Although some diet pills might be effective, there is one thing they are unable to do, and that is spot reduce fat from a specific area of your body. If you want to lose weight from your belly, thighs and neck, you must focus on decreasing fat stores throughout your body by burning calories. Diet pills might help you accomplish this.
Your Trouble Spots
Excess weight is frustrating, even more so when it is situated in certain areas of your body. Michael Carrera and Natasha Vani of Truestar Health explain that to attain a flat stomach, you must first rid your belly of the layer of fat surrounding your abdominal muscles; performing situps simply strengthens the muscles under the fat. Carrera and Vani add that you must burn calories using a combination of cardiovascular training and weight training. Ultimately, this will reduce the fat from your entire body, including your trouble spots. You might, however, burn fat faster from certain areas.
Diet pills might help you lose weight from your belly, thighs and neck when you combine them with a healthy eating and exercise plan. The Food and Drug Administration has approved a select few diet pills, such as phentermine and orlistat, but Mandy Leonard, assistant director of the Drug Information Center at Cleveland Clinic, points out they result in modest weight loss. Additionally, the studies generating these results combined the drugs with changes in diet and behavioral therapy. MayoClinic.com supports this, declaring you can lose, on average, 5 to 10 percent of your total body weight within one year while taking a diet pill. However, this result is attained when you combine the drug with a low-calorie diet and exercise plan.
Once you make the choice to use a diet pill, you want the strongest, most effective pill available. There are numerous pills and supplements, both prescription and over-the-counter. University of Maryland Medical Center recommends using only prescription pills; OTC supplements are not tested by the FDA for safety or efficacy. Most prescription diet pills are intended for short-term use -- 12 weeks or less, according to MayoClinic.com. They either absorb fat, suppress your appetite or increase your metabolism. What works for one person might not work for you, and each drug has its own side effects that might interact adversely with any medications you currently take. Discuss the options with your doctor.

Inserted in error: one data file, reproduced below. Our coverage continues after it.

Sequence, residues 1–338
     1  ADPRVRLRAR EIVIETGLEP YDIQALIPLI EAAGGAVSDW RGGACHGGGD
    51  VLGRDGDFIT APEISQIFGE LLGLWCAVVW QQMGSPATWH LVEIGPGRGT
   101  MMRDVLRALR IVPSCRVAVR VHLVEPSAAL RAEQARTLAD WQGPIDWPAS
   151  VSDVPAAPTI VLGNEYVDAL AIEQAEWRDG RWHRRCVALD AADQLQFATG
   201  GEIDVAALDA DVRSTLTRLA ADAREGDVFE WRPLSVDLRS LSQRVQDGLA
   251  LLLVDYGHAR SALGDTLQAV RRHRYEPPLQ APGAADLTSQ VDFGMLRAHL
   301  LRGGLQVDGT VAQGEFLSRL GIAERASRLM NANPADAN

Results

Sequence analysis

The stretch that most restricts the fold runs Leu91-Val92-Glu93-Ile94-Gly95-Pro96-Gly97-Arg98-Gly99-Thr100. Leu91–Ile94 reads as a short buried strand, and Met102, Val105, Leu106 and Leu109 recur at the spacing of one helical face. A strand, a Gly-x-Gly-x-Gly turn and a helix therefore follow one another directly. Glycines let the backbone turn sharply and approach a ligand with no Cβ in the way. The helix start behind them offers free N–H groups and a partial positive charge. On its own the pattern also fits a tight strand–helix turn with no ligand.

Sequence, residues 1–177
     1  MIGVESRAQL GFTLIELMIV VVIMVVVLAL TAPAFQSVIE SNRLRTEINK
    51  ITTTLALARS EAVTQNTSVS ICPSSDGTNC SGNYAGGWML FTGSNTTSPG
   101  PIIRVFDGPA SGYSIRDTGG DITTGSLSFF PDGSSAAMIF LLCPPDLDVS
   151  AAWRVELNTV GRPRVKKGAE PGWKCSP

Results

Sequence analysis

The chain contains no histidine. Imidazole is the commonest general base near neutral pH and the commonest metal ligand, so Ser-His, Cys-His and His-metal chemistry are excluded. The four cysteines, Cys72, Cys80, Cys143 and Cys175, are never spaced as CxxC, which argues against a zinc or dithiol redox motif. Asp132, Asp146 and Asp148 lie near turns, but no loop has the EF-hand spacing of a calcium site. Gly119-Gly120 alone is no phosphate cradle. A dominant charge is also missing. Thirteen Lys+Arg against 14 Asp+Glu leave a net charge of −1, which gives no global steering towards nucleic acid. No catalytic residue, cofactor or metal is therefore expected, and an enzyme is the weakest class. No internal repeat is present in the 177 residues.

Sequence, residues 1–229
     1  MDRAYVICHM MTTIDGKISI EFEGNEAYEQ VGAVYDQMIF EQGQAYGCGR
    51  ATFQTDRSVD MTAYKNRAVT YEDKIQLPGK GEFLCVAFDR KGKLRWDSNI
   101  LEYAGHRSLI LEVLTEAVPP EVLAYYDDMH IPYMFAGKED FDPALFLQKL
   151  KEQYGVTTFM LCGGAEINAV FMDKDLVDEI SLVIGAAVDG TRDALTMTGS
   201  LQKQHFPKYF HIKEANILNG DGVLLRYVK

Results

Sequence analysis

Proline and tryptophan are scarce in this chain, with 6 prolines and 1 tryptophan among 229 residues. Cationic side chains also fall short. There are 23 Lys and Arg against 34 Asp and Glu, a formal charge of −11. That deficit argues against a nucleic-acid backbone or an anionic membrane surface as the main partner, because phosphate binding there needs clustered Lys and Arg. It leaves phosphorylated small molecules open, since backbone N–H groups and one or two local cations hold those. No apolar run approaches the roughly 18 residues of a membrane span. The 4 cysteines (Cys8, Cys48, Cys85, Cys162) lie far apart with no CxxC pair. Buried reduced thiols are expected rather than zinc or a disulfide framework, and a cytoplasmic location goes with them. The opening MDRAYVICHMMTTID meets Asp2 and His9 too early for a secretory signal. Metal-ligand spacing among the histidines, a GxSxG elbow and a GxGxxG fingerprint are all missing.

Diet and Exercise
Focus on making small changes at first; swap water for soda the first week. The next week add another change, such as eating whole grain cereal with fruit for breakfast. Small changes make a big difference. Follow an exercise regimen that includes both cardiovascular and weight training. Alternate days to avoid muscle fatigue. Three to four days per week, participate in some type of cardio such as brisk walking, a cycling class or swimming. Aim for 30 minutes initially, with your ultimate goal being 45 to 60 minutes per session. On days you weight train, focus on your trouble spots. Perform abdominal crunches, leg lifts and squats. Begin with light weights -- between 3 and 5 lb. Affiliate yourself with your local gym or community center, incorporating the help of a personal trainer.